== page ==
Uganda has begun rebuilding a branch of a century-old, British-built railway line that is projected to reduce the cost of moving commodities to the country’s north, South Sudan, and the Democratic Republic of the Congo, according to a railway spokeswoman.
The line, which has been out of service for around 40 years, is part of the East Africa rail network, which extends from Kenya’s Indian Ocean seaport of Mombasa to Tanzania. It was constructed around the turn of the twentieth century by Kenya’s and Uganda’s former colonial ruler, Britain.
“Our ambition is to move all long-distance bulk cargo transportation onto rail from roads in a few years because rail is cheaper in terms of cost and time,” John Linnon Sengendo, spokesman for state-run Uganda Railways Corporation (URC) told Reuters.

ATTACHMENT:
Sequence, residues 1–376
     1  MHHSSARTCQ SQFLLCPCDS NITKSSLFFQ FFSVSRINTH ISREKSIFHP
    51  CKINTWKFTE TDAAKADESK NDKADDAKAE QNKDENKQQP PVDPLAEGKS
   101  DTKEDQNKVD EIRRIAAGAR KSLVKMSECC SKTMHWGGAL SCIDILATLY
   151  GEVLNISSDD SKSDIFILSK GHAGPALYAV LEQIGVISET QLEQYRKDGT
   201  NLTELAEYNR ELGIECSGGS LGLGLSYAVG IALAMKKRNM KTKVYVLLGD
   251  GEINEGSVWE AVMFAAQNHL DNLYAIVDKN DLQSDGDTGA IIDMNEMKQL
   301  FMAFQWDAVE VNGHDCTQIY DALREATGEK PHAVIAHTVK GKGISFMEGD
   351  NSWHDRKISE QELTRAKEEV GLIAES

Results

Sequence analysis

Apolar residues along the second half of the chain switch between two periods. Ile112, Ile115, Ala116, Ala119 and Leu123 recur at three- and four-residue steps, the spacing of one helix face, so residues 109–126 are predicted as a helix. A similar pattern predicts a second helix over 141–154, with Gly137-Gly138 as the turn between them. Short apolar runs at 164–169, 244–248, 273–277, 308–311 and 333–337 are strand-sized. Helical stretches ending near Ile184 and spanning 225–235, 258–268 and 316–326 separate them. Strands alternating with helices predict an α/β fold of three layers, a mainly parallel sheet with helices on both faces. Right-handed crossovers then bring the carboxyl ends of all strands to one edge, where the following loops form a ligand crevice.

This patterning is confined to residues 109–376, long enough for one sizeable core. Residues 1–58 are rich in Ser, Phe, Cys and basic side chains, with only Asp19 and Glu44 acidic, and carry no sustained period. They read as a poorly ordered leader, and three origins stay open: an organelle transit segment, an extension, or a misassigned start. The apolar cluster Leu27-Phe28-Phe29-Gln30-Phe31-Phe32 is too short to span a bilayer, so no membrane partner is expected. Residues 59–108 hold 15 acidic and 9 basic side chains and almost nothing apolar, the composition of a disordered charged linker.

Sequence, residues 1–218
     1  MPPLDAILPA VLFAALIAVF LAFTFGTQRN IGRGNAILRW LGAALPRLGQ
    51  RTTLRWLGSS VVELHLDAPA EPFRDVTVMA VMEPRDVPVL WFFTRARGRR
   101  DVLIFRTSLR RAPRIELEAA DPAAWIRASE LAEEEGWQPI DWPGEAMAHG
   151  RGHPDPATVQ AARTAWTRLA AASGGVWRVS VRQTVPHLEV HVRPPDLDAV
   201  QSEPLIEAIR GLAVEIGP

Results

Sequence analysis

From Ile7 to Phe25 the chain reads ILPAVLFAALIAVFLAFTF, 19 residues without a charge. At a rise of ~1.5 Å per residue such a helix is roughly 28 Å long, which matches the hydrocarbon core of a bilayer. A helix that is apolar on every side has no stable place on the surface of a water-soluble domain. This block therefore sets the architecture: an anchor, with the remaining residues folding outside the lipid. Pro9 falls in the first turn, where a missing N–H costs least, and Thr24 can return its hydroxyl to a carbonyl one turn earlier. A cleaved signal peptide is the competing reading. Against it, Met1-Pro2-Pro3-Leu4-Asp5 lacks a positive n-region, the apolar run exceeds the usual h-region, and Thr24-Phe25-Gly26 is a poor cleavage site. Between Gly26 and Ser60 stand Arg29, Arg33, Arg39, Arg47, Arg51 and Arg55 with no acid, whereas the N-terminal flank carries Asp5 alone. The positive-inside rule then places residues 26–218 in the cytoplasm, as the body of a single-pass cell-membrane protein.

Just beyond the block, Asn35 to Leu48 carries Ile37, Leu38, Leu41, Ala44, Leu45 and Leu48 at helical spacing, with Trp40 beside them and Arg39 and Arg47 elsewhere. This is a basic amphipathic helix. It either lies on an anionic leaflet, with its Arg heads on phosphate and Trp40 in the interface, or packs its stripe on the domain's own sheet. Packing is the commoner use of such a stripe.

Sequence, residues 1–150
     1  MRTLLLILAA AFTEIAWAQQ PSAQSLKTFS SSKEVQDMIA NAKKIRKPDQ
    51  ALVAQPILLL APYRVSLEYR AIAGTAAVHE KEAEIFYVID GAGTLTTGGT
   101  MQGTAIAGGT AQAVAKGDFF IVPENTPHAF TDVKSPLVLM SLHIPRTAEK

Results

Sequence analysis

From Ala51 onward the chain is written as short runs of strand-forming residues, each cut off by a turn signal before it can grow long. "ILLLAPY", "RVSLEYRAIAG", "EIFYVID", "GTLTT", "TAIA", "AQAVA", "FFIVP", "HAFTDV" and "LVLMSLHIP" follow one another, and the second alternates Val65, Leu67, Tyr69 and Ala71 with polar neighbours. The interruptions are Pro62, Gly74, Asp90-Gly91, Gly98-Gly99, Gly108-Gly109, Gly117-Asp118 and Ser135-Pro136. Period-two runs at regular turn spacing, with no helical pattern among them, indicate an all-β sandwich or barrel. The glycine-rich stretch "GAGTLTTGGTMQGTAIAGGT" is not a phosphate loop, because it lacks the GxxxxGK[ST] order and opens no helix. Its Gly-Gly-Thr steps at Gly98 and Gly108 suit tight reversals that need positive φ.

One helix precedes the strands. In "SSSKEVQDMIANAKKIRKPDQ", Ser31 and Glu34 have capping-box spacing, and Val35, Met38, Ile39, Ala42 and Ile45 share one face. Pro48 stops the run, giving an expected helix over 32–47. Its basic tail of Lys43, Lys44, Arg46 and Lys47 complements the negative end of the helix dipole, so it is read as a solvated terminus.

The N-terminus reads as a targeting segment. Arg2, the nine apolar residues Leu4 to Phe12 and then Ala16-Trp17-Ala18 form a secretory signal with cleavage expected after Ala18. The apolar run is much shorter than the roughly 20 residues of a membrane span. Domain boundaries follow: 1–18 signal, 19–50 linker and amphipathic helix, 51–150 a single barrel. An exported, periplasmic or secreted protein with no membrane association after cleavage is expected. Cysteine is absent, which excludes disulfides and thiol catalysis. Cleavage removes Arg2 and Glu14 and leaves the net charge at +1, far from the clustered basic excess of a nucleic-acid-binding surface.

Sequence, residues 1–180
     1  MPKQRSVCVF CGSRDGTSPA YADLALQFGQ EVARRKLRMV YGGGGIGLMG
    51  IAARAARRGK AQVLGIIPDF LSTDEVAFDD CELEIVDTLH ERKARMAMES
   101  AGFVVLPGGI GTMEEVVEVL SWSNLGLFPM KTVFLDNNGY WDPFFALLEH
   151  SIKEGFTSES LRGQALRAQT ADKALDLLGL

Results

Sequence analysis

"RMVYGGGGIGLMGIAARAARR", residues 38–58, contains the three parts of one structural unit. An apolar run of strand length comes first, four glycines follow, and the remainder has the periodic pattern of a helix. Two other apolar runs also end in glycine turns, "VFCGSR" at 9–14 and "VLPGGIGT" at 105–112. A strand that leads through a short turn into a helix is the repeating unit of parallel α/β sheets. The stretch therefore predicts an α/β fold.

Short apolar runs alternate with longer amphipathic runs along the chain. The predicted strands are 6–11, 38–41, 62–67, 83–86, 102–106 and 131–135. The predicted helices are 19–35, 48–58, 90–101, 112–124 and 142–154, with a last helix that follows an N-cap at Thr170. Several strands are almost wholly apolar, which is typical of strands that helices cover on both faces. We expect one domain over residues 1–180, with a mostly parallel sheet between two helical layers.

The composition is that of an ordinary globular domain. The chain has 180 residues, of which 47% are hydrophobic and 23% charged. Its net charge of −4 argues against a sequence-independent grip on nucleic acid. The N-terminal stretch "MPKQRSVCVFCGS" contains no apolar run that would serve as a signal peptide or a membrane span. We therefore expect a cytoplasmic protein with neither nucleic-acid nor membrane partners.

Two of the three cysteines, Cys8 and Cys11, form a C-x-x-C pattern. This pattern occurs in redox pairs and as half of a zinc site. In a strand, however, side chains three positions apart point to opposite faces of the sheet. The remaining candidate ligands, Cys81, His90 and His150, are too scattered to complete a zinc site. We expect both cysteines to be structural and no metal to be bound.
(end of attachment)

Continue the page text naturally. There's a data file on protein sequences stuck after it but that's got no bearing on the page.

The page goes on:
Uganda decided to revamp the old network after plans to build a separate modern standard gauge railway (SGR) failed to secure financing from China.
Early this year Uganda terminated a contract with China Harbour and Engineering Company Ltd (CHEC) to build the $2.2 billion SGR and is seeking a new contractor.
Meanwhile, Sengendo said China Road and Bridge Corporation(CRBC) would restore the old line over the course of two years at a cost of 200 billion shillings ($55.48 million) provided by the Ugandan government.
The 382 km (237 mile) section of the line to be repaired connects Tororo town in Uganda’s east near the border with Kenya and terminates at a logistics hub in Gulu in Uganda’s north near the border with South Sudan.
The European Union funded construction of the Gulu hub, completed in late 2021, as part of the effort to revamp Uganda’s railway network, which fell into disrepair during the country’s economic collapse in 1970s and early 80s.
Ugandan officials hope once the link is restored, rail will replace trucks in shipping transit goods to South Sudan and northeastern Democratic Republic of Congo.
Last week, Kenya’s and Uganda’s transport ministers said they would accelerate another project to build a standard gauge railway to link Naivasha in Kenya and Uganda’s capital Kampala.